Wondering when a check will be clear is a comprehensive impetus, particularly when the check is significant. And what if you sent that just after your check from work just got deposited?
When you deposit a check, neither you nor your bank know if the check is going to bounce. It’s wise to wait before spending the money, but how long is long enough—and what can you do to protect yourself from bad checks?
How Long Does it Take for a Check to Clear?
Checks typically take two to three business days to clear. Aside from the accessibility required by law, individual banks may make more funds available before checks actually clear.
-It’s your problem: You are always responsible for deposits you make into your account. Even if your bank lets you walk away with cash or transfer money out, you might have to replace that money later if the deposited check bounces.
-Your available balance: A check has not necessarily cleared just because the money is available in your account or appears on a receipt.
Again, federal law requires your bank to make the funds available to you within a certain amount of time, whether the funds actually arrived from the other bank or not.
When in Doubt
So what do you do about checks you’re suspicious of? The best advice is to avoid taking checks if you have any concerns about the payment (see below for tips and alternatives), but that’s not always an option.
30 days: When in doubt, wait for 30 days. Most problems will arise within that timeframe.
Checks from fake accounts and empty accounts should bounce within a few weeks, giving you time to avoid debts with your bank. If the check is from a foreign bank, wait even longer.
Are you 100 percent safe after the money hits your account or after 30 days? Not necessarily. As just one example, an account holder can claim that a check was written from her account fraudulently.
Even though the check cleared, your bank will return the funds to the rightful owner. You may need to figure out who scammed you and consult with an attorney about your options for recourse.
Why Your Check Might Take Longer To Clear
The following factors can affect the time it takes for a check to clear and how long you have to wait before you can access the deposited money:
1. Large Deposits
The 1987 law that gives you rapid access to the first $200 of your deposit also delays clearance for deposits larger than $5,000, which it categorizes as large deposits. If you deposit a check for more than this amount, your bank can hold it for some time.
The amount of time depends on the type of check and the institution, but two to seven days is typical.
2. Suspicious Transactions
Because deposits are held for bank verification purposes, if there’s something suspicious about your check, you might have to wait longer for your funds.
For example, if your check is dated six months or more in the past, it might warrant further scrutiny.
In addition, if you’re a new account holder, you might have deposit restrictions — particularly if you make large or repeated deposits — so the bank can identify if there is fraudulent activity involved.
3. Varying Bank Policies
The answer to the question, “How long does it take for a check to clear?” varies based on bank policy.
Most banks will credit funds to your account the same business day if you make your deposit before the daily cutoff time; however, you might not be able to withdraw the money immediately.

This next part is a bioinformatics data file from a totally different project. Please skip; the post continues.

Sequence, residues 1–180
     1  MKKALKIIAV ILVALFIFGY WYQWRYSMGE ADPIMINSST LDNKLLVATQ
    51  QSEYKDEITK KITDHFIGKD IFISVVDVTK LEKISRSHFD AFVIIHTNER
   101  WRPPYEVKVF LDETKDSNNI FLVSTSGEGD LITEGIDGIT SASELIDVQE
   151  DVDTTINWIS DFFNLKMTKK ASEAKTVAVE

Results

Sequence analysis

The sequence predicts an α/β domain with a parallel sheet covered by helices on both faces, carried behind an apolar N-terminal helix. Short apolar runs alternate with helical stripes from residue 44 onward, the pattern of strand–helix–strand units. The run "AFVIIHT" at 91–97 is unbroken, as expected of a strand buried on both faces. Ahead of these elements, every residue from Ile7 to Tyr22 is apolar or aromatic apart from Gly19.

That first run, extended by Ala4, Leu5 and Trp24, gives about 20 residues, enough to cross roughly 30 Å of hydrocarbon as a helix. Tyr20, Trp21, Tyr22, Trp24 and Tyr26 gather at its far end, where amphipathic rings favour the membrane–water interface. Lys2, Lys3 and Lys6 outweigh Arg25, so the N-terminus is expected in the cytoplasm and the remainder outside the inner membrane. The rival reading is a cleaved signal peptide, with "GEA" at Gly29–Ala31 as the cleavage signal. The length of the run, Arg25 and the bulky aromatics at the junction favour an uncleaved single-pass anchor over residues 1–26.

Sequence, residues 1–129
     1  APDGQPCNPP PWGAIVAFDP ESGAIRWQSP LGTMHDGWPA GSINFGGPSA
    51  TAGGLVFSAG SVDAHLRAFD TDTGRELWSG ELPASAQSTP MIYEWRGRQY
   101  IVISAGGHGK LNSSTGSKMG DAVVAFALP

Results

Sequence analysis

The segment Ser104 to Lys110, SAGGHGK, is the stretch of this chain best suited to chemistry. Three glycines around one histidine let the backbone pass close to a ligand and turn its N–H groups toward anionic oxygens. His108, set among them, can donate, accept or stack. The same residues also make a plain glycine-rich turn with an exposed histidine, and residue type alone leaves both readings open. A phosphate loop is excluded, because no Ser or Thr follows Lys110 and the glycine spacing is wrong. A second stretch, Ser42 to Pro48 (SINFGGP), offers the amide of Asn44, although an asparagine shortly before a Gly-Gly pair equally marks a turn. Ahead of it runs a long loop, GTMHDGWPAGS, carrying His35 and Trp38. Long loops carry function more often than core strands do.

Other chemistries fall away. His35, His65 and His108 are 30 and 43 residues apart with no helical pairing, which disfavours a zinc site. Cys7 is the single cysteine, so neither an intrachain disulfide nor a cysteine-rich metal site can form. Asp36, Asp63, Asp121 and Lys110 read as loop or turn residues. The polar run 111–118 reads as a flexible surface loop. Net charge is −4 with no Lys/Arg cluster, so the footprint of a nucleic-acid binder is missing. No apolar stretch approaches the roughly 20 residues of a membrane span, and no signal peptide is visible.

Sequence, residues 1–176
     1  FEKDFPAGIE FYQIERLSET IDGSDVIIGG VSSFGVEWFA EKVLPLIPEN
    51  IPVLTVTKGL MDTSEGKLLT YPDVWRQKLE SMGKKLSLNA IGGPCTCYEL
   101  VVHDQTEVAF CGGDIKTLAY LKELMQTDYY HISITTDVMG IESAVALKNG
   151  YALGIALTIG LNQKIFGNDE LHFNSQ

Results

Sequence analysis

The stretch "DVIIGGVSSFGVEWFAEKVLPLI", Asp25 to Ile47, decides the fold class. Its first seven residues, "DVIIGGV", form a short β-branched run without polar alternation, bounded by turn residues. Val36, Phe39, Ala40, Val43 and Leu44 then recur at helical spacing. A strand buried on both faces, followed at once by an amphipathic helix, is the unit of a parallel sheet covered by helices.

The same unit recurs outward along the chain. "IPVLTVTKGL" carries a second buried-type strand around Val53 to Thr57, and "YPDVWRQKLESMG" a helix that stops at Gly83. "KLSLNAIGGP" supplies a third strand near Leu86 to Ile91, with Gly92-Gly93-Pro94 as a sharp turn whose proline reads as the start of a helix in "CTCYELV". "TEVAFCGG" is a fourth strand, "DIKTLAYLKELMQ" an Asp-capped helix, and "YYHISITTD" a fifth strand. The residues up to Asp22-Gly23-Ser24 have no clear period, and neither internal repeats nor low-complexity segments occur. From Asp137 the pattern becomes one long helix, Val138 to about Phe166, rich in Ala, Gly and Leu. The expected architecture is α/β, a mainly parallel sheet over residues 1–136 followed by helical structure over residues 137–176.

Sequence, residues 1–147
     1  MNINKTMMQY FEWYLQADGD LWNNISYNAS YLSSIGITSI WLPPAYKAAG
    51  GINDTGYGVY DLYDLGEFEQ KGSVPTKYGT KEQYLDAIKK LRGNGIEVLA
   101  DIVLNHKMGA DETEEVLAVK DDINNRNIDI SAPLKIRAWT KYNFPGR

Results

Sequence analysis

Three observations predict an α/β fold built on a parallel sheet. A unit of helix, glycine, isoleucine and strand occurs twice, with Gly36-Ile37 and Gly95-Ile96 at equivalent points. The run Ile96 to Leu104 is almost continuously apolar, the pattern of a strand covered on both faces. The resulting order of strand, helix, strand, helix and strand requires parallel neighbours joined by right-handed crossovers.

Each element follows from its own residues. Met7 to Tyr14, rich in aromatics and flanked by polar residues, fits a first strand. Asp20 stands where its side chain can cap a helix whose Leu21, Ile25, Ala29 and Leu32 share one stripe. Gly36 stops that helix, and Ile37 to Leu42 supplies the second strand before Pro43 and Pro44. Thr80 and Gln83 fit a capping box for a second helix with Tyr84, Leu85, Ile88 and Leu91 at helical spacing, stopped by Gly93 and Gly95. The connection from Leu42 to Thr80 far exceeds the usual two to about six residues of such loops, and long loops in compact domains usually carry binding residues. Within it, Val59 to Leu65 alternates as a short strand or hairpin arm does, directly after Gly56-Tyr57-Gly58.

Cutoff times vary among banks. For example, funds for checks deposited at Capital One are credited the same day if you deposit them at a branch before 2 p.m. local time, and Chase offers same-day credits for deposits you make through QuickDeposit by 11 p.m. Eastern time.
Checks that you deposit from other banks take the same amount of time to process, but if you deposit an out-of-state check, it might take up to five days to clear.
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What’s the Fastest Way to Access Funds from Checks?
When you receive a check, you might want to access those funds as soon as possible. Fortunately, there are ways to ensure the speedy delivery of a check into your account.
Set Up Direct Deposit
Direct deposit is the most efficient way to receive a recurring check — such as your paycheck or Social Security benefit check — and it gives you the quickest access to your funds, as well.
When you set up a direct deposit, money gets transferred from another bank directly into your account. Your bank doesn’t have to verify the incoming funds again after the first deposit, and the money is typically available the same day.
Make a Mobile Deposit
Making a mobile deposit is another fast way to get your check to clear. Most major banks, including Chase, Wells Fargo, Bank of America, and Capital One, offer apps that enable you to take a picture of both sides of your check, enter relevant information, and send it to the bank.
Funds from mobile check deposits are often available the next business day.
Put Your Good Customer Status to Use
If you’re a long-time customer of a bank and haven’t had any deposit issues, your bank might reward you with shorter clearance times. If you’ve been a reliable customer, your bank might trust you enough to speed up the process.
Use an Online-Only Bank
If you have an account at an online-only bank, you can typically remotely upload checks via the bank’s app to make deposits, which is much faster than mailing in the check or wiring the funds.
Ally Bank, for example, offers an eCheck Deposit service that enables you to deposit checks electronically.
Deposit hold times for online banks are similar to traditional banks’ processing times. Ally Bank allows you to access up to $200 off any check the next business day, and you can even deposit $50,000 in a single day and as much as $250,000 every 30 days.
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